“Aside from a couple of well-intentioned but clunky party scenes, there was no variation in pace from one scene to the next”
Gavin McAlinden’s production of Anthony & Cleopatra at Theatro Technis is the showcase production for the students at his weekly acting workshop, Acting Gymnasium, and this is very obviously a mixed ability student production. Michael Claff (Anthony) is clearly a regular, having frequently taken the lead in other productions, and makes a decent fist of it, but the majority of the other cast members struggled vocally, with diction and clarity, which meant that not only was the poetry lost, but frequently the narrative too. Although Gabriel Puscas (Enobarbus) moved with a certain charismatic ease, for instance, far too many of his lines were rushed, mumbled and impossible to distinguish. Too often, the language was sacrificed in moments of high emotion. This was problematic across the board, and particularly marred Hannah Luna’s performance as Cleopatra. This most tempestuous of Shakespeare’s heroines speaks some of her most extraordinary lines in rage and in grief, and we simply couldn’t make them out. In addition, the decision to dress her in a succession of differently coloured corsets did nothing to lend this performance the strength and sensuality it lacked. Nowhere in this production was there the sense of the enormous power at stake in this relationship, nor was it there in Caesar’s icy machinations.
There were some welcome moments of clarity provided by some of the actors in smaller roles – credit here to Emma Wilkinson Wright (Charmian), Anna Walden (Agrippa) and Ventidius (Brian Easty) – and the sound design (including James Jones’ original music) though occasionally heavy-handed, was pleasingly atmospheric throughout, but overall this was a slow evening, running half an hour over its advertised running time. Aside from a couple of well-intentioned but clunky party scenes, there was no variation in pace from one scene to the next, and the transitions were badly managed throughout, with far too much bare stage on show. The two courts were not sufficiently defined against one another, and the grandeur of Anthony and Cleopatra’s passion was nowhere to be found.
It left this reviewer with big unanswered questions, the dominant one being, ‘why tell this story now?’ Theatre is a scarce commodity at the moment, and every production needs to have something to say. What did the director want to say? What did he want his audience to find? As we stepped out into the night, we remained unenlightened.
“The large cast bounce with energy, but this is sometimes at the detriment of clarity and cohesion”
Parisian housewife, Raymonde Chandebise, doubts her husband’s fidelity after he becomes sexually inactive. Confiding in her closest friend, Lucienne, they concoct a plan to test his loyalty, involving a fictitious letter from a secret admirer. Georges Feydeau’s 20th century farce unfolds between a comfortable study and the notorious hotel Coq d’Or, where a libidinous Persian in the closet and a drunken bed-hopping uncle are ingredients for a raucous romp.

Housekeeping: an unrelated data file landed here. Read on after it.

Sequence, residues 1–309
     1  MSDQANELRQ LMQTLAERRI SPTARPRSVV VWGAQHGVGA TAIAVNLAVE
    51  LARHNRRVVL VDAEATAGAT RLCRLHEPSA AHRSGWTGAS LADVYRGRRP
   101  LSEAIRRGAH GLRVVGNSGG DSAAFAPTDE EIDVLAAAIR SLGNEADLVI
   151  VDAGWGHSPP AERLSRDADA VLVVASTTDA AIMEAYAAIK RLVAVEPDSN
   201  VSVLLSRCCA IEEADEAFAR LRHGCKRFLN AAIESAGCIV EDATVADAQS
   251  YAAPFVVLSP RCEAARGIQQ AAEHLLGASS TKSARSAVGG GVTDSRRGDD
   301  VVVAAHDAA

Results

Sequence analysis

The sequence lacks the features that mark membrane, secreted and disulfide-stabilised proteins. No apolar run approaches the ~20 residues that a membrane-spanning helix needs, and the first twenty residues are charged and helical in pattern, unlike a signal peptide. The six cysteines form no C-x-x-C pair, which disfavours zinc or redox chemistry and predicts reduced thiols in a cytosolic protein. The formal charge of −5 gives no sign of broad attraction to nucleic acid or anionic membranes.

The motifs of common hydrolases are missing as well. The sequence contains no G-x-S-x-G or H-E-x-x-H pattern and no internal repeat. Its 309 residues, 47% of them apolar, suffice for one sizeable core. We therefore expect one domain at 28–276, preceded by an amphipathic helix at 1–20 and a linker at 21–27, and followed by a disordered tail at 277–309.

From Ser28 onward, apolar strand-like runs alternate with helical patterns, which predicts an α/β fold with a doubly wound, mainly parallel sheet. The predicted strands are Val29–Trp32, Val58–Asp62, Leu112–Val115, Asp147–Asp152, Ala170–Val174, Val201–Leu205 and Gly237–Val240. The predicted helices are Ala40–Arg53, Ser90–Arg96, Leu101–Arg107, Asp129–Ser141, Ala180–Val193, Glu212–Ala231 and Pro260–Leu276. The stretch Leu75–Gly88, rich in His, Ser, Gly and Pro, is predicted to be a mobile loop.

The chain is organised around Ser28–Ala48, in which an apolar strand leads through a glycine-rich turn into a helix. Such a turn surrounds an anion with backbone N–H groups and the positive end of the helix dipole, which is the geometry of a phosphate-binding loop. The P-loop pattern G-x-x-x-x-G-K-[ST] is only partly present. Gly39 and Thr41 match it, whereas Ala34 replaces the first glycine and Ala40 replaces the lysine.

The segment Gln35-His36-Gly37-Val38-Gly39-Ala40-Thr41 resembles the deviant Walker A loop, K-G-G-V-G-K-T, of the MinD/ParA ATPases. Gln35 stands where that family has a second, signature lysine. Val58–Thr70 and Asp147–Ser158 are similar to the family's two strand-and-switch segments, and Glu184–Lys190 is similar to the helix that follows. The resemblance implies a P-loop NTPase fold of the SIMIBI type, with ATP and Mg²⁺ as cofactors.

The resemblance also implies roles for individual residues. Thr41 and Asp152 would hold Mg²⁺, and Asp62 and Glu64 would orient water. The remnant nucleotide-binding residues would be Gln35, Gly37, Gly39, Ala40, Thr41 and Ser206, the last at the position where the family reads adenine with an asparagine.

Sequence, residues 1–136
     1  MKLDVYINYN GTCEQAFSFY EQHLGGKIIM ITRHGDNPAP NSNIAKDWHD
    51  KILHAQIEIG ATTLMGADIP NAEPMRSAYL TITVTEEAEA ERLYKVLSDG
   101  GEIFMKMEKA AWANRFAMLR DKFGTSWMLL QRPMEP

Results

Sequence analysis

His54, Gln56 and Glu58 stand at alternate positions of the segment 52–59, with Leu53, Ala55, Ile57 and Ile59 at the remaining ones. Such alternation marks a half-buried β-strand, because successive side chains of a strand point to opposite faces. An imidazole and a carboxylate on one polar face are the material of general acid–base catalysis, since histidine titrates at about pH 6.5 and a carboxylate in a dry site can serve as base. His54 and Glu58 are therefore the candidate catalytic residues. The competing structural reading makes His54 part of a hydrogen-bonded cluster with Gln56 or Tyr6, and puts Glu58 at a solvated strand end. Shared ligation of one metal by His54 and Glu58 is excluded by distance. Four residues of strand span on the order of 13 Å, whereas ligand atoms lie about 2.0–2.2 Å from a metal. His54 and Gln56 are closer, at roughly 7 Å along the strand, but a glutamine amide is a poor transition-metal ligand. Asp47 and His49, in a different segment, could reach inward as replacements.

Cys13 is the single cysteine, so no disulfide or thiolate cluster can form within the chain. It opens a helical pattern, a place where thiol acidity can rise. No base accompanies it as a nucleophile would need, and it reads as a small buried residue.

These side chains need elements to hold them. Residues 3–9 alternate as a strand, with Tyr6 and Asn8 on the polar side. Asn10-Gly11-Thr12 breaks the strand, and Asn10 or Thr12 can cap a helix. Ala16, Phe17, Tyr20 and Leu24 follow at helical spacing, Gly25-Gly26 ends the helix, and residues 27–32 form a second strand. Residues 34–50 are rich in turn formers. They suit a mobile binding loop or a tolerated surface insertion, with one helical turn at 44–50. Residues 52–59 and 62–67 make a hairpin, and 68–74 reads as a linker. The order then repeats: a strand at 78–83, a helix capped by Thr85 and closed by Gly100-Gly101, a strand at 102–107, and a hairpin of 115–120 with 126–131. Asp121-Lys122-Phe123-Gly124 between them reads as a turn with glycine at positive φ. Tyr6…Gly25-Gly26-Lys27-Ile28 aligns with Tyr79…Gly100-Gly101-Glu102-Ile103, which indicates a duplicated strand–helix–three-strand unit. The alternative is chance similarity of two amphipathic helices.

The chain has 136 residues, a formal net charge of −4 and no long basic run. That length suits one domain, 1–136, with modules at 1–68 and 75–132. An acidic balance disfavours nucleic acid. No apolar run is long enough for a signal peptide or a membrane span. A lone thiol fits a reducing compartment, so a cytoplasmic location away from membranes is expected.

The large cast bounce with energy, but this is sometimes at the detriment of clarity and cohesion. Key plot points expounded in the opening scene are hard to grasp due to diction, audibility and the fast pace of the dialogue. Particularly of note, a mishap with some braces and the function of a moving bed are both integral to the play’s comedic effect but are not given the necessary emphasis by the actors and are easily missed by the audience. The opening scene also fails to establish the relationships between various individuals which prevents the audience from appreciating the hilarity of their entanglement. The opening of the second act of the play is far clearer and is well-received by the audience, aided by the comic intervention of Thomas Witcomb as ex-military hotel manager Ferallion.
Sonoko Obuchi’s vibrant set design clearly distinguishes Chandebise’s house and the vulgar hotel. The set makes full use of the large space at Theatro Technis, which perfectly caters to the characters’ escapades. Watching the set change in the play’s two intervals is a spectacle in itself, with a large team appearing to move furniture and with loud drilling taking place to attach and remove partition walls. While this is a minor issue, it seems slightly unnecessary. A more imaginative set would avoid excessive resets and the inconsistencies in staging that later ensue. Amidst all the mayhem, the actors (understandably) commit a schoolboy error, struggling to uphold the illusion of a corridor which links the bedroom and bathroom door.
A Flea in her Ear is dialogue heavy, but the ensemble presents an excellent feat. Michael Claff as both Chandebise and Poche brings a physical humour to the characters alongside the loveable nephew, Camille, played by James Bruce who gives a standout performance. Although stereotyped, exaggerated characters are key to farce, it would be nice to see more variation between the reactions of the other characters to the ludicrous occurrences. There is lot of shouting and screaming which is quite tiring by the third act and detracts from the humorous rampage of the enraged Spaniard, Hominedes (Andre Pinto).
This absurd farce takes us on a long, chaotic journey with a plot that has the potential to induce uncontrollable laughter. For the audience to appreciate the fantastic dramatic irony of this play, the actors must ensure that the audience is in on the joke. With more attention to this, Acting Gymnasium have the basis for a highly entertaining production.